Construction workers continue to amass support in their drive to implement mandatory apprentice training of new workers in the industry. Recently, the firefighters' unions and the transport workers union in New York City joined the Building Trades Council to promote such training. Because untrained non-union workers in the city suffer most of the construction injuries and deaths each year, the training programs have become a rallying cry for union workers seeking progress.
The President of the Building and Construction Trades Council of Greater New York led a crowd of a few thousand workers in a lobbying effort at City Council headquarters in City Hall. City Council is currently considering a 20-bill construction safety reform package of which the training segment is one part. The movement is partly fueled by the scandalous findings of journalists and commissions over the past several years.
These entities have all concluded that most of the injuries and deaths occurred to undocumented workers on non-union sites, and that they were totally avoidable. The contractors controlling those sites have even been prosecuted by the authorities in some cases. It was also concluded that New York City has the highest fatal occupational-injury rate in the construction industry, at 4.7 times higher than the national average.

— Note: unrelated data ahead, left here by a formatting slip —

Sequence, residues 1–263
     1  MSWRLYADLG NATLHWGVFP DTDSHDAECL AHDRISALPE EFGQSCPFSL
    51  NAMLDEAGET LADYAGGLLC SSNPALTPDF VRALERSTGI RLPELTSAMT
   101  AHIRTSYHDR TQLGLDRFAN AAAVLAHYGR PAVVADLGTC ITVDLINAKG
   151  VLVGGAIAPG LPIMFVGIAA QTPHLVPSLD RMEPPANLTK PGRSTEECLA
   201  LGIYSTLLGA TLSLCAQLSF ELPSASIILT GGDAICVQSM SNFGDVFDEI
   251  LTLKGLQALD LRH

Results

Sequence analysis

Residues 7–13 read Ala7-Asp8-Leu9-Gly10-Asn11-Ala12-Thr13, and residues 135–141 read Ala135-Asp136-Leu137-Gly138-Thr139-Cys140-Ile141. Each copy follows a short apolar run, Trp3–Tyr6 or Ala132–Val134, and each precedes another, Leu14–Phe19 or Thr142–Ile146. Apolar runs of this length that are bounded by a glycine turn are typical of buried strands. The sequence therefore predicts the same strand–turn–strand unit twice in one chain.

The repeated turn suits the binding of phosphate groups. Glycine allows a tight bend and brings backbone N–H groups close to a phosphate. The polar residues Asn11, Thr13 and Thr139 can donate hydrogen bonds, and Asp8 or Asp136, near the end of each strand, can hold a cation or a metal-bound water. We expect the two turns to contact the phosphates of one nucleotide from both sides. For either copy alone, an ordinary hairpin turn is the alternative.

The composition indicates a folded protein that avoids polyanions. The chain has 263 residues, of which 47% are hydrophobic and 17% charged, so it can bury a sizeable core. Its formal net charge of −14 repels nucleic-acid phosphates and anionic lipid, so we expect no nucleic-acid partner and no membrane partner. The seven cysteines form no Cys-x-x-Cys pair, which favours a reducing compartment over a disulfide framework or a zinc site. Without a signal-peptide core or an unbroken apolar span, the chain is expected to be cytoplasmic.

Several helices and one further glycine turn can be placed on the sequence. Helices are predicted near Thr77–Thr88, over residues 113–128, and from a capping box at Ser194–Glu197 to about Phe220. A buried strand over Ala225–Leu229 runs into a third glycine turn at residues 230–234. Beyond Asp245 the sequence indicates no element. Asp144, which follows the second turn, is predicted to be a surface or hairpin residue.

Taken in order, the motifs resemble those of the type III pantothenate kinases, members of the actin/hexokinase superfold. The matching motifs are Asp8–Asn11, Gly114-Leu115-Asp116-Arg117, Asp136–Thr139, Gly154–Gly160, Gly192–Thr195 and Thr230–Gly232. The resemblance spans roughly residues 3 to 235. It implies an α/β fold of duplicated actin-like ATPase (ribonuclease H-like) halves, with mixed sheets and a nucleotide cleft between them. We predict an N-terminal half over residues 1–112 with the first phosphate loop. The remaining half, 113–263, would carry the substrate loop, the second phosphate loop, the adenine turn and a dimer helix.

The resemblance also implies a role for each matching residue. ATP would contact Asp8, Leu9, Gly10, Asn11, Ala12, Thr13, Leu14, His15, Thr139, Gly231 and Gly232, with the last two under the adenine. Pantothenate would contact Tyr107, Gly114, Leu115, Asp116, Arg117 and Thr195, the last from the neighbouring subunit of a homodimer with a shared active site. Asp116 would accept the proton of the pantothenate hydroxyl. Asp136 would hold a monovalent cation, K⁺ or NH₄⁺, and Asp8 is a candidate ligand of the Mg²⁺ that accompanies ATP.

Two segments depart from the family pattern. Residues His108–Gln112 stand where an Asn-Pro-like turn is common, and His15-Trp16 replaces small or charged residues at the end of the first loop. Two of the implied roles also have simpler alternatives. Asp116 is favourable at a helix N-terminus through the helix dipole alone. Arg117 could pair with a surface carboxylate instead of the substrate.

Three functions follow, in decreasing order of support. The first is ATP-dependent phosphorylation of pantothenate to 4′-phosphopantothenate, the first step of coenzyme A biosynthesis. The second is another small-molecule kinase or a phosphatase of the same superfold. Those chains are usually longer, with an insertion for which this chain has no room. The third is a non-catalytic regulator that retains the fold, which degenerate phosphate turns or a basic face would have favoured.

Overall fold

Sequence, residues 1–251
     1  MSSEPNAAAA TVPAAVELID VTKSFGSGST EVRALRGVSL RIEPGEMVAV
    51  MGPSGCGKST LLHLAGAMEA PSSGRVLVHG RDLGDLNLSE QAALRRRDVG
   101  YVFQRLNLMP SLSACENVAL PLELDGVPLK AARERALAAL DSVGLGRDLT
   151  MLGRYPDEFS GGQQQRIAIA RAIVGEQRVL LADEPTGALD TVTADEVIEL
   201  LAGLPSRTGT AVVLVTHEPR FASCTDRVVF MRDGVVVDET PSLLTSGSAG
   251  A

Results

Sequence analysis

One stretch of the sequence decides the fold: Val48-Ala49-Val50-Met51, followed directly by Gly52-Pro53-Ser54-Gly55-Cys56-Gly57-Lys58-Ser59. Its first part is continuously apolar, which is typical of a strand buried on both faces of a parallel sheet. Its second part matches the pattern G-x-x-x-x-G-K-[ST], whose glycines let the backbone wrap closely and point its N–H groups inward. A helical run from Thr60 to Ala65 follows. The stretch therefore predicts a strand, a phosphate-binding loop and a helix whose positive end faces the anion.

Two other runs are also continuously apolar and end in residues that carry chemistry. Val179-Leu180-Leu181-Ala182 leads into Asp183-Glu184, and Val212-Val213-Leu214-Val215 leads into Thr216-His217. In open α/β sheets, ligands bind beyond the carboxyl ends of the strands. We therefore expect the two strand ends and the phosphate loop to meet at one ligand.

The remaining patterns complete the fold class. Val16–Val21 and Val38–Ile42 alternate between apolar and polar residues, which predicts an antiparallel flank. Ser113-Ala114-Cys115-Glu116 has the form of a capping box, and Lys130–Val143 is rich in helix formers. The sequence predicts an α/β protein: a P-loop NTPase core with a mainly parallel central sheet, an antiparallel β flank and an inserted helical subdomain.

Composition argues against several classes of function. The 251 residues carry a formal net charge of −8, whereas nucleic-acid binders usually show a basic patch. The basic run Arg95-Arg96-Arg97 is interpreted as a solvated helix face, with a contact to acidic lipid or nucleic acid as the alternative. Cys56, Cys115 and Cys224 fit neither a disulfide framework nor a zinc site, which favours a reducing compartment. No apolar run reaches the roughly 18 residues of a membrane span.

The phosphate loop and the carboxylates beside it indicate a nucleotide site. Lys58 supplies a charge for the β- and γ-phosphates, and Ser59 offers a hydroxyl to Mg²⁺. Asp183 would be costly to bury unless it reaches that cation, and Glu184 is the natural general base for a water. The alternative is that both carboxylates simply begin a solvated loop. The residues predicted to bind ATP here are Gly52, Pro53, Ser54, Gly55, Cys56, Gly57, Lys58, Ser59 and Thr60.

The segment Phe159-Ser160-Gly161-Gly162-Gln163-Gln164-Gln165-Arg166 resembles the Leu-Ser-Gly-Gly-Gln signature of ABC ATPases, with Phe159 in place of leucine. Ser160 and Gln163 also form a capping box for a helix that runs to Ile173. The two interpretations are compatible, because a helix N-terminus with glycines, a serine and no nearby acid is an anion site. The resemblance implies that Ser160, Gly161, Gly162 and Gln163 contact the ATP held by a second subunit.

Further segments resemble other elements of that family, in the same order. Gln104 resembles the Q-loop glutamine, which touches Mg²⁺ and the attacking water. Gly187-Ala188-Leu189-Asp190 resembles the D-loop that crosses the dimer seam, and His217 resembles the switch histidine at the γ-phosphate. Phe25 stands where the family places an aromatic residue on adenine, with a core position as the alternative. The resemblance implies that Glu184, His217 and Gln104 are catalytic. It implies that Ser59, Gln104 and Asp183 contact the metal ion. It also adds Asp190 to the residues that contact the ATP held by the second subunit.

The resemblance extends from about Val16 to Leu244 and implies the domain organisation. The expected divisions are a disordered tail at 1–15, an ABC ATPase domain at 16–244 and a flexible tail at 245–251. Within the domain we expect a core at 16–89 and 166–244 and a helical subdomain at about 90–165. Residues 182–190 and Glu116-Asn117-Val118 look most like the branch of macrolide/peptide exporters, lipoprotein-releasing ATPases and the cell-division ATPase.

It appears that out of a complex mix of movements and groups seeking change, there will be increased safety and training measures instituted for New York City in the relatively near future. This will likely bring apprentice training into the picture. Workers suffering construction injuries will benefit by seeking monetary compensation in the form of workers' compensation coverage for all work-related injuries and deaths. Workers facing issues of monetary compensation or medical expenses will benefit by obtaining a consultation with an attorney experienced in workers' compensation litigation.
Source: thechiefleader.com, "Fire Unions Back Building Trades In Bid for Construction-Apprentice Bill", Bob Hennelly, Feb. 6, 2017